How to Build a Pond Part 4 - Green Water Problems
doesn’t take long for a newly built pond to go green. The green is caused by a
growth of algae in the pond and these tiny plants float around in the water
making it look green, even sometimes like pea soup. The algae need sunlight and
nitrates to grow, the more of these you have the worse it will be.
Sunlight might not seem that common in Britain but it
doesn’t need to be blazing hot to make the algae grow and as the days get
longer from April to September things will get worse in the pond.
Nitrate comes from fish poo, rotting plants or
leaves and garden or lawn fertiliser that comes into the pond as run off after
If you want to control green water without using technology
then you need to minimise these sources of sunlight and nitrates. It will still
go a bit green in the summer but you can make it better by following these
Shade the pond – have tall plants or fences that
block the sun in the hottest part of the day. Consider a pergola over the pond,
or a shade sail rigged across it.
plants – plants will use up nitrates from the water, the more you have the less
nitrates there will be. Make sure that they don’t drop leaves into the pond and
always cut them back at the end of the summer or they’ll add to the problems by
rotting down in the bottom. Plants will take a while to influence the water so
you might not see a difference in the first year after planting.
Use less fish food – adding fish food is a massive
contributor to the nitrate build up. Don’t be tempted to overfeed your fish,
make sure that they eat everything, if they don’t then take off the waste food
before it sinks. You might use a feeding ring for this.
Fertilizer – lawn feed and other fertilizers can
end up in the pond. Don’t use them near it or where the rain will wash it into
the pond. Ponds shouldn’t be at the lowest point in the garden but some are.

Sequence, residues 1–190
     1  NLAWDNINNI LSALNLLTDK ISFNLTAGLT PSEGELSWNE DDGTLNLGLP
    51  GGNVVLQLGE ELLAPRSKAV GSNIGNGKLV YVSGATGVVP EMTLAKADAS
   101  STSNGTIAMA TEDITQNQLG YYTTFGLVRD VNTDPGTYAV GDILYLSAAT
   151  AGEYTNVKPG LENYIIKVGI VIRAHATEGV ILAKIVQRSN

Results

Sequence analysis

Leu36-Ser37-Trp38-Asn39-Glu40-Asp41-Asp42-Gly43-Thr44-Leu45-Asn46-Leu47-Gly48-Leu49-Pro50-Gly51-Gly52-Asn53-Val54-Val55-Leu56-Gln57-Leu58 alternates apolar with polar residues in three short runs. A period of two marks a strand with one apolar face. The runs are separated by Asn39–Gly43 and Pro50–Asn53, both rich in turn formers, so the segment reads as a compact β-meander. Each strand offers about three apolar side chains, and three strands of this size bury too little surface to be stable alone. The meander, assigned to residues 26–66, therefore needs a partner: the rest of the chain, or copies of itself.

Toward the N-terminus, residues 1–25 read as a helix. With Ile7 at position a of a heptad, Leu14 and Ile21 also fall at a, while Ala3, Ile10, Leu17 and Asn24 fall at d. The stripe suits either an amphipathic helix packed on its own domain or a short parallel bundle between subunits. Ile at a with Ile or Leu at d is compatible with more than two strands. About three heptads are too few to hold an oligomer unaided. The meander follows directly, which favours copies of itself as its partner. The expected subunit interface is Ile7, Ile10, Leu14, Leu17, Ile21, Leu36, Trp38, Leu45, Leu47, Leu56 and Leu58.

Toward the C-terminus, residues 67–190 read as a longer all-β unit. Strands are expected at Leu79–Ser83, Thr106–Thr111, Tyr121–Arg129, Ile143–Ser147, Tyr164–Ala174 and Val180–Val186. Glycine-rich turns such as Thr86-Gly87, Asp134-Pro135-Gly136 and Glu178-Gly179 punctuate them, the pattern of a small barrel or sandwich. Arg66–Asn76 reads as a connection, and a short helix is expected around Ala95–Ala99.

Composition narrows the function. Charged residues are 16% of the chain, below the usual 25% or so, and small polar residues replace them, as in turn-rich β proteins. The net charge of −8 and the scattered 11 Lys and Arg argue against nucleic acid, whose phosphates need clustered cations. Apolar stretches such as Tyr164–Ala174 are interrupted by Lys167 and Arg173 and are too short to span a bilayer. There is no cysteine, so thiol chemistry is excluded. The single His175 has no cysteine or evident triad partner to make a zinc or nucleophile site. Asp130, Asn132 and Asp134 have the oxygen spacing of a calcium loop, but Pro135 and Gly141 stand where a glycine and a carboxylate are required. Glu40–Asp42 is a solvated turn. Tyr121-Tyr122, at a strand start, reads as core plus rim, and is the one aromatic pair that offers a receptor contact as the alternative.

If you want to be sure that your pond will stay clear all
the time then a pump, filter and ultraviolet light (UVC) are the answer.
You’ll need a pump in the pond, this pumps the
water along a hose to a filter that is higher than the pond. Water then returns
to the pond, often down a waterfall. Usually the filter includes a UVC and it is this combination that will keep the water clean.
If you can’t fit a box filter into this position then a pressure filter might be the answer. These can be sited lower than the waterfall as the water will leave the filter under pressure.
Pond filters usually clean the water in two ways. There’s
mechanical filtration where a foam or (sometimes brushes) strains the lumps of
muck out of the water – a bit like a coffee machine. Then there’s biological
filtration where bacteria grow on media in the filter, these bacteria change
the fish waste (ammonia), into plant food (nitrates) Between the two processes
the water is made clean and safe for your fish.
The UVC shines its ultra-violet light on the water as it
passes through the filter. This makes the algae particles clump together and
these can then be removed by filter foams making the water clear. Filters need to run all the time so that the bacteria can
grow. If you turn it off at night it will never work properly. The UV light has a bulb in it that needs to be changed once
each year in the spring, the foams can last for several years and can be
cleaned out in a bucket of pond water. A working pond filter that’s the right size will guarantee
that your water is clear.
What Size of Filter do I Need?
depends on the size of your pond and the type of fish you’ll keep. Bigger ponds
need bigger filters and if you keep bigger fish, that increases the demand too.
work out the volume of water in the pond use our handy pond calculator.
Then use our calculator below to work out the flow rate for your pump and filter in litres per hour.
can use these figures to find a suitable filter. If you're not quite sure and need a
hand, just call our expert advisors on 01904 698800 and they’ll find
the right filter and pump for you.
What about Pond Treatments?
Some people prefer to use additive treatments to fix their green water problems. These are chemicals or natural substances that either kill the algae of starve it of the things it needs. Bear in mind that they are not a cure, they only get rid of the symptoms so you’ll have to keep dosing the pond regularly.
There are lots of different ones, some liquid, some powders, some that dye the water slightly blue. You’ll need to know how much water is in your pond before you buy a treatment so use our calculator.
All the treatments will tell you how much water they treat
and how often to do it.
We like the sachet treatments like Bradshaws’ Get Rid of Green Water. These are water soluble pouches that you just throw in the pond once a week, you can’t overdose and there’s no fiddly measuring.
For a full range of anti-green water products visit our website.
Enjoy your pond.